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For many years God was a registered independent. He mainly spoke to the government through Reverend Billy Graham, who has met with and advised every president from Harry Truman through George W. Bush. Graham has seldom been publicly political, and according to Wikipedia:
Politically, Graham has been a registered member of the Democratic Party and leaned Republican during the presidency of his friend Richard Nixon. He has not completely allied himself with the religious right, saying that Jesus did not have a political party. He does not openly endorse political candidates, but he has given his support to some over the years.
He refused to join Jerry Falwell’s Moral Majority in 1979, saying: “I’m for morality, but morality goes beyond sex to human freedom and social justice. We as clergy know so very little to speak with authority on the Panama Canal or superiority of armaments. Evangelists cannot be closely identified with any particular party or person. We have to stand in the middle in order to preach to all people, right and left.”
As mentioned above, the “Dark Period” began in 1979 when Jerry Falwell founded the Moral Majority and persuaded God to become a Republican. And God delivered for the Republicans, as was conclusively proved by the Florida recount debacle of 2000, and the inexplicable reelection of Bush in 2004.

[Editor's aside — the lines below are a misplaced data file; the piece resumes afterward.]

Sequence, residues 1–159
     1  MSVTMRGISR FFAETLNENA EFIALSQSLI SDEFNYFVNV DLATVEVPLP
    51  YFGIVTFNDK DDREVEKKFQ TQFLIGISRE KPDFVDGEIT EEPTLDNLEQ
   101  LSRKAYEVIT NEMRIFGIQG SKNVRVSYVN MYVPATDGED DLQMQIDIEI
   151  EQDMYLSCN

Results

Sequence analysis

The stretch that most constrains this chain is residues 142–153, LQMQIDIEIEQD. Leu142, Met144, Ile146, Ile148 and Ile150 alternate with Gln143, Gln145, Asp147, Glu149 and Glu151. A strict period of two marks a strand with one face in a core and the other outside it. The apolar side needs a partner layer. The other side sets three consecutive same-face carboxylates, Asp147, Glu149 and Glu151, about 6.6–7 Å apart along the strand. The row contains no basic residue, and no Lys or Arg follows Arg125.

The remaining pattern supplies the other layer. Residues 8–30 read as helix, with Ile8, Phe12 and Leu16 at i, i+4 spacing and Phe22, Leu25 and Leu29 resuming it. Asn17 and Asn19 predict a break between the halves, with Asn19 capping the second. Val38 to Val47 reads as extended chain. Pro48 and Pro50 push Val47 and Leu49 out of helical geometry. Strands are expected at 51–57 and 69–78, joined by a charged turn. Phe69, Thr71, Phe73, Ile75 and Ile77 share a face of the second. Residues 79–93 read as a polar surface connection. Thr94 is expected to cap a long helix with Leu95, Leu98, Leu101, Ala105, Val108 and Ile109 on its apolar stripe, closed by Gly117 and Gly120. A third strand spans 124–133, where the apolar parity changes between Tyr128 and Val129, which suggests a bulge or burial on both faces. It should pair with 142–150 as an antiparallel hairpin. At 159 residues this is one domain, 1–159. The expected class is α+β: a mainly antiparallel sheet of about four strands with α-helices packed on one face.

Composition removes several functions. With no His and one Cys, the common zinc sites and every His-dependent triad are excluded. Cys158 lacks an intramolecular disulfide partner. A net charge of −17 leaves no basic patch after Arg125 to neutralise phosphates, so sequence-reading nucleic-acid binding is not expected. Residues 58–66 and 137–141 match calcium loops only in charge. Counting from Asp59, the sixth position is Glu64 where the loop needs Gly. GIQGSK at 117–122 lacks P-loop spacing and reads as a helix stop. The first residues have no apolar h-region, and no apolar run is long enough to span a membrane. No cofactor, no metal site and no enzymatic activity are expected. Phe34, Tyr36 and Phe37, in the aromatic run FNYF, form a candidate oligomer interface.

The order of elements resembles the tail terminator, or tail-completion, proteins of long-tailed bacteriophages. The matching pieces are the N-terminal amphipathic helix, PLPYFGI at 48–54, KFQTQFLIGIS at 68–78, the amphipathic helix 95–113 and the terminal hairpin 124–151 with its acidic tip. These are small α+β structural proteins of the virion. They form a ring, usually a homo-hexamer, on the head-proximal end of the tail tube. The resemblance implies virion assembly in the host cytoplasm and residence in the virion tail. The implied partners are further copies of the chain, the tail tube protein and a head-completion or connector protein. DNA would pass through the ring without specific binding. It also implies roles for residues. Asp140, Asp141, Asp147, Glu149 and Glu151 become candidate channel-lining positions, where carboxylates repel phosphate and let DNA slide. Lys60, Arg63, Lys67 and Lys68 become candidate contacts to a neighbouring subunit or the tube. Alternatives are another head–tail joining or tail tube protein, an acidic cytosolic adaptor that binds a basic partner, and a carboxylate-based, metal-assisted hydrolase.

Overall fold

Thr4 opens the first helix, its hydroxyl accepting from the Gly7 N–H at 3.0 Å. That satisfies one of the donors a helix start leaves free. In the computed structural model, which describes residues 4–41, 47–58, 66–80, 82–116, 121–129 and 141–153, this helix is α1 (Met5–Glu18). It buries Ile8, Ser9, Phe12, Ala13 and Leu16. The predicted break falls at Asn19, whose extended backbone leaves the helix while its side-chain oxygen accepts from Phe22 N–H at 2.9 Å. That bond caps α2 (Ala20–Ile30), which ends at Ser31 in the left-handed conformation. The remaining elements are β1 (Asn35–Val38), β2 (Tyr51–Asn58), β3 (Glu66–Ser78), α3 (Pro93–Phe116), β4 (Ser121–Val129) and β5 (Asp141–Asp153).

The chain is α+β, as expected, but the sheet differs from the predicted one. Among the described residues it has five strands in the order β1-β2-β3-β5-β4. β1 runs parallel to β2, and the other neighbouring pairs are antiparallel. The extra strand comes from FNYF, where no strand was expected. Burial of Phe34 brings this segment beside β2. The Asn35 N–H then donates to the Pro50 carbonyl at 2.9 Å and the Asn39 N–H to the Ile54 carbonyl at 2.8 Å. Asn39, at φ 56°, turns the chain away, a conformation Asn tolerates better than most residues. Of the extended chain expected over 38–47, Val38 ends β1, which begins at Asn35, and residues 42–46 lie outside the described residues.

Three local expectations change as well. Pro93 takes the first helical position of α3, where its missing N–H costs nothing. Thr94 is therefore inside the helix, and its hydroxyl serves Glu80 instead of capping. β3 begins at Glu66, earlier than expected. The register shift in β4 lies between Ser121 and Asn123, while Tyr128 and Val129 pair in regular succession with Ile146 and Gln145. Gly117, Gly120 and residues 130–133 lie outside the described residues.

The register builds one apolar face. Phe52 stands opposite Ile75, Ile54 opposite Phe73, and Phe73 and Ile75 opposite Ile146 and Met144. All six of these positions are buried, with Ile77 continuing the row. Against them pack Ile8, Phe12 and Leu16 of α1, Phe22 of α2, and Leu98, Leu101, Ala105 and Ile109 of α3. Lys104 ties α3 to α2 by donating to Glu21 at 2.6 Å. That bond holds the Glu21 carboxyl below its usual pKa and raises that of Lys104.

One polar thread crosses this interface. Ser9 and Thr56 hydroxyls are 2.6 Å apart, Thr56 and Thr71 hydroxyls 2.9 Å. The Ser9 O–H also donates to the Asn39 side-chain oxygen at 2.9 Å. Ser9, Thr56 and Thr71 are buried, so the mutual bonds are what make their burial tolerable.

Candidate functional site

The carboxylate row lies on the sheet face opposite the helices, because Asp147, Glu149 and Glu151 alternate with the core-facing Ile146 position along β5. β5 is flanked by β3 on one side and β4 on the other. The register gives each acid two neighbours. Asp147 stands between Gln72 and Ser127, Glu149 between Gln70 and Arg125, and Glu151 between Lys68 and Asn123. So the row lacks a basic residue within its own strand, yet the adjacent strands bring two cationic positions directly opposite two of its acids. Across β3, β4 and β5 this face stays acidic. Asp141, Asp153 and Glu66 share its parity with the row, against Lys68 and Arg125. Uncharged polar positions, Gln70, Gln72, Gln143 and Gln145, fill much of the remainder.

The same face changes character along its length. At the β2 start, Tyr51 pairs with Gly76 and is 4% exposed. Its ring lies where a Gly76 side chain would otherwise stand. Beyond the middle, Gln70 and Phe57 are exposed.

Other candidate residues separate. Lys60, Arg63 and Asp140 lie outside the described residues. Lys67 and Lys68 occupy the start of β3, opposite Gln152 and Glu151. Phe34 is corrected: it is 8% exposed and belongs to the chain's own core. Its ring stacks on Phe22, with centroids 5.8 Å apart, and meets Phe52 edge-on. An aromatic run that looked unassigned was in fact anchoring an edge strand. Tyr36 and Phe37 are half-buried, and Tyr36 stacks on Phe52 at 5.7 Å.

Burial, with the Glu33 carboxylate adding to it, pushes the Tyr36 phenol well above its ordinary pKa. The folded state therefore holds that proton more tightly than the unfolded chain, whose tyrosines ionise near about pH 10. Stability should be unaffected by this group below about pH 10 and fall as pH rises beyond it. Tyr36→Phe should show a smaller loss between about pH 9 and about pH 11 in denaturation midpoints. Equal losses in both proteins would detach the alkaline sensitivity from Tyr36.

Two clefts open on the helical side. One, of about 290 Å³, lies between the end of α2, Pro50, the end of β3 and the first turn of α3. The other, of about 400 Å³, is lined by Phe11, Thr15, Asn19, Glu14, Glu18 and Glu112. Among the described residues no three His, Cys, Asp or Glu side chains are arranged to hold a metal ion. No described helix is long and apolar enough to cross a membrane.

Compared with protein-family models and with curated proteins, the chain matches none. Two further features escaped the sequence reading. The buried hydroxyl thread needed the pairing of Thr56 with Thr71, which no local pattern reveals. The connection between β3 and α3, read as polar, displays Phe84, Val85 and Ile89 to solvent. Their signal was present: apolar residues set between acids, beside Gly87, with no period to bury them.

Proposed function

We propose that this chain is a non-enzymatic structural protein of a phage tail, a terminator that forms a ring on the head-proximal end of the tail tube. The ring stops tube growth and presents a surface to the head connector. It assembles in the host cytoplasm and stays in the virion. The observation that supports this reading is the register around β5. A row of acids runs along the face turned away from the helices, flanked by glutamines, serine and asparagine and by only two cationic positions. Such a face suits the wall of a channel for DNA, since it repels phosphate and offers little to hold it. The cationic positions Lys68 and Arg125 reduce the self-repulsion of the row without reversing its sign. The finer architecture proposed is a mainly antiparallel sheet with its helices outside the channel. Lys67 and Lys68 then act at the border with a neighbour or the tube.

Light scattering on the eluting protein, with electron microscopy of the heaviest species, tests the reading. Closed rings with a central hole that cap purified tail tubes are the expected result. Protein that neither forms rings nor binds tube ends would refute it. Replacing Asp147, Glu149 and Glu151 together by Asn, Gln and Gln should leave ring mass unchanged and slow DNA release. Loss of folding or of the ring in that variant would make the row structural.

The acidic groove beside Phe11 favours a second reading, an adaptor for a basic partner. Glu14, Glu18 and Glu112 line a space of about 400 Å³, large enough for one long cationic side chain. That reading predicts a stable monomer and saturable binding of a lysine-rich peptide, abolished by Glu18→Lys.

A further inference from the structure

But after watching Bush’s second term, it would seem God changed His vote in the presidential approval ratings poll (and His flock followed). A change in priorities is taking hold. For example, what would God be more concerned about — gay marriage or the damage to our environment? How does a couple of guys, or gals, going down to the courthouse to (gasp!) sign the same piece of paper compare to humanity treating the planet like a garbage dump? How would you feel if you spent 6 days slaving over a hot planet, only to finish and immediately see the kids come in and shit all over it?
There is a growing movement among evangelicals called “creation care” that advocates for environmental issues. Their website, CreationCare.org, has a page titled “An Evangelical Declaration on the Care of Creation” that includes the following:
Because we worship and honor the Creator, we seek to cherish and care for the creation.
Because we have sinned, we have failed in our stewardship of creation. Therefore we repent of the way we have polluted, distorted, or destroyed so much of the Creator’s work.
We recall Jesus’ words that our lives do not consist in the abundance of our possessions, and therefore we urge followers of Jesus to resist the allure of wastefulness and overconsumption by making personal lifestyle choices that express humility, forbearance, self restraint and frugality.
This is from an organization called the Evangelical Environmental Network (no, that is not a typo). The EEN has gained some national attention before, by leading the WWJD (What Would Jesus Drive) campaign in 2002 to bring awareness about automobile pollutions’ role in global warming. And the EEN is tapping into a growing frustration among evangelicals with the Republican party: